Tuesday, April 27, 2010

In Which I find an Old Painting in the Basement, and it makes me Worry about my Younger Self.

So in case you're wondering why new posts have been very sporadic, it's because I've been preoccupied with helping my family clean out the basement. Fortunately, I have some cool things to write about. Like this really, really old thing I made (you will have to click for the big, as usual):

4.20.10 - WTF Old Painting?

Oh... Oh God...
Now, occasionally, I will find an older painting or drawing that will make me realize just how much figurative space there is between the person who drew it and the person currently looking at it. The scary part comes in when I realize both those people are me.

This is very definitely one of those times.
Now I think I remember the context, at least. I was asked to paint a backdrop for some fantasy-themed sculptures made by myself and other students (I haven't found any of these, sadly). The result was this thing right here, which looks like fourteen-year-old me (best guess at my age at the time) decided to throw every crazy idea I ever had at an unsuspecting sheet of cardboard. Let's look at some of these things in detail.

I really like this dragon/mountain guy. He's so cute. It's funny how this is essentially the same face I use on cute goofy characters today. The anatomy's usually less confounding, though. Look at those nostrils!

Many parts of the painting look like I threw neon, glow-in-the-dark fabric paint at it. Remember, it was the early '90s. I have no idea if it still glows.

Love the hell out of the river. It has heard of this thing called "Physics" and wants nothing to do with it. It also proves that "Kidd Video" still had a big impact on me, years after it had been canceled. (Someday, I will tell you how much fun it was to be a girl in high school championing and cheerleading for animated films and series nobody else in my peer group had ever heard of. Oh, wait, that wasn't fun at all.)
But then... there's that thing in the upper-right corner.

Seriously, what in the holy f*** even IS that?!? I get that there's a giant face, and a bunch of different iconic buildings stuck together, but... I have no idea what the hell is going on here and I'm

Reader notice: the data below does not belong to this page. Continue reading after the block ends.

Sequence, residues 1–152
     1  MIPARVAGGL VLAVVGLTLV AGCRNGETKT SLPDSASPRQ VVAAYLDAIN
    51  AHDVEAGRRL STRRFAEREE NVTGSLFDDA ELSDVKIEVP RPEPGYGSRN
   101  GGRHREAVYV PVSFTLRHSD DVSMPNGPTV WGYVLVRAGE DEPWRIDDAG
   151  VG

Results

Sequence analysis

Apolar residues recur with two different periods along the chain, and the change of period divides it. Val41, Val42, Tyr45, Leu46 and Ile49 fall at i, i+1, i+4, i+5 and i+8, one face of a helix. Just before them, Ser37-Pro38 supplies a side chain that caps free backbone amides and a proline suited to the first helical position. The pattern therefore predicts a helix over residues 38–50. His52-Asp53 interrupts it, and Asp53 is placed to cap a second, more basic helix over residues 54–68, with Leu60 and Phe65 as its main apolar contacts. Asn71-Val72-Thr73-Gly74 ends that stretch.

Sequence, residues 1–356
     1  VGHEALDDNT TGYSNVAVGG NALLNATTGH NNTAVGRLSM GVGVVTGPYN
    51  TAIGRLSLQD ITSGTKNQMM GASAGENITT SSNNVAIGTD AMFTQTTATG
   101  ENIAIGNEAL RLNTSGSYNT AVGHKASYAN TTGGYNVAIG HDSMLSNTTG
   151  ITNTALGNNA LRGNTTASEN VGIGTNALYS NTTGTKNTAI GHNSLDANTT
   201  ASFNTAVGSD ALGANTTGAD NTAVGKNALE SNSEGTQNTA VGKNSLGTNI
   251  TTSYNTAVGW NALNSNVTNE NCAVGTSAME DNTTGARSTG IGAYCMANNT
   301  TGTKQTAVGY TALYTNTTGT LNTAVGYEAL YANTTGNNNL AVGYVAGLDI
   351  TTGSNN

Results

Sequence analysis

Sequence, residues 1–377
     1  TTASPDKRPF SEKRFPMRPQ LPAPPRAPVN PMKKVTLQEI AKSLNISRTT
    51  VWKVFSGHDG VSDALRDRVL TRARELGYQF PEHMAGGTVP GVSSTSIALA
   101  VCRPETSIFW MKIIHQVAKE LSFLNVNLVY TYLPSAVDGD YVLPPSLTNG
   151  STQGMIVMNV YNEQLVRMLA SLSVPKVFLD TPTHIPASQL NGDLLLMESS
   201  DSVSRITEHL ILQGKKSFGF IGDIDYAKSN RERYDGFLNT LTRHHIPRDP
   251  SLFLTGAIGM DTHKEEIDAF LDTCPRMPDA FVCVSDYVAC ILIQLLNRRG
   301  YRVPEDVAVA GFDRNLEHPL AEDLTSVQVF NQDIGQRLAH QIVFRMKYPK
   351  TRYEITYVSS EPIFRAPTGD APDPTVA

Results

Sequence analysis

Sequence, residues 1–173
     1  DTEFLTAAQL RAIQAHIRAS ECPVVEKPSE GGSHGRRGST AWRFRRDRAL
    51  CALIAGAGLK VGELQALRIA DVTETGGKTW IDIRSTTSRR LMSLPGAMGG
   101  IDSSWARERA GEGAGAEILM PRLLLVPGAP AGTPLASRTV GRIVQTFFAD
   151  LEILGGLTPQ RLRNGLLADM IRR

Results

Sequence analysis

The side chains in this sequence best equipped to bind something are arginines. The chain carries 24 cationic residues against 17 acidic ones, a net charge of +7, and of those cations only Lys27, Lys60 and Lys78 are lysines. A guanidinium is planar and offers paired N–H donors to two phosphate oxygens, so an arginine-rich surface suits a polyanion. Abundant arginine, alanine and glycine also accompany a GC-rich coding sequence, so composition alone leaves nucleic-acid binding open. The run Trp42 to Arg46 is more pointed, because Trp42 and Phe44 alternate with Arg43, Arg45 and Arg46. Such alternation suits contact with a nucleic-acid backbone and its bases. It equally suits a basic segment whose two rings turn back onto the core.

SCARED.


So... SCARED...
Thankfully, I can rest assured that all the other old, old art I've made is accounted for. Anything else is probably lost forever, never to be uncovered again... right?
(Cue the foreshadowing music again, but make it more ominous this time.)
I found some less-scary, more-awesome things in the basement too. Some of them are unspeakably awesome. Worth Ebaying in fact. Before I auction them off, they'll be the focus of the next post.


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Now, speaking of kids painting, I just watched "My Kid Could Paint That" recently and... wow. Just... wow.
This is the fascinating -and, in many ways, haunting- story of Marla Olmstead, a painter who has unwittingly dropped a bomb in the middle of the abstract art culture. She has been compared to Monet and Pollock.
She arrives at a gallery showing chewing a cookie with her mouth open and donning her best macaroni necklace. She playfully puts handprints, Mickey Mouse heads, and dribbles of puff-paint in her work. Art critics have read heavily symbolic meaning in her paintings, and believe her work deserves to be hanging in the big, famous art museums in New York City. She relaxes by playing with her collection of My Little Ponies and jumping on the bed. She is likely to answer any question with "I dunno" and hasn't got a grasp on the fact that people are shelling out thousands of dollars for her pieces. She is also barely three feet tall and *isn't old enough* to fully understand the fact that people are paying a lot of money for her paintings, or why she gets to go to a special party at an art gallery every so often, or why her father turns all white when she says her brother made one of the paintings, even though this is normal for her, because she doesn't yet understand that her father and her brother are not somehow extensions of herself, or even that they existed before she entered this world.
Because, you see, Marla is four years old.
This movie is a must-see for anyone who gives a crap about art. But there's a part of me that wished I had a pint with me so I could take a drink whenever I wanted to scream at the adults onscreen, "SHE'S FOUR!!!!!" I'm not going to say what happens (lets' just say that the film-maker set out to make one documentary and circumstances caused him to make a very different one), but I wound up feeling so bad for this kid caught in the middle of this spectacular debacle. She's blissfully unaware that, in the space of one year, she's gone from a prodigy with a dedicated fandom, to a disgusting fraud, to... well, there's a moment where the director basically says with images, "Look, draw your own conclusions. I want to stay out of this."


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Photo of the day!
I can't believe I didn't mention this before, but remember the bulbs I planted in late October? The ones I covered with the Christmas greens? Well:
4.7.10 - It's not Peace Field but it'll do 1
This is actually from a few weeks ago. I'll get a more current picture up in the next post.

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And I deem it okay to get excited about this:

1 comment:

Zachary said...

The Missus and I just watched that movie, too. We came to the conclusion that the dad was doing most of the work, perhaps even ALL of the work, but wasn't telling the wife, who genuinely thought that Marla was creating every painting.

We also agreed that the dad and his buddy, their agent, were both kind of slimey. I wonder what's happened to that family since the movie came out...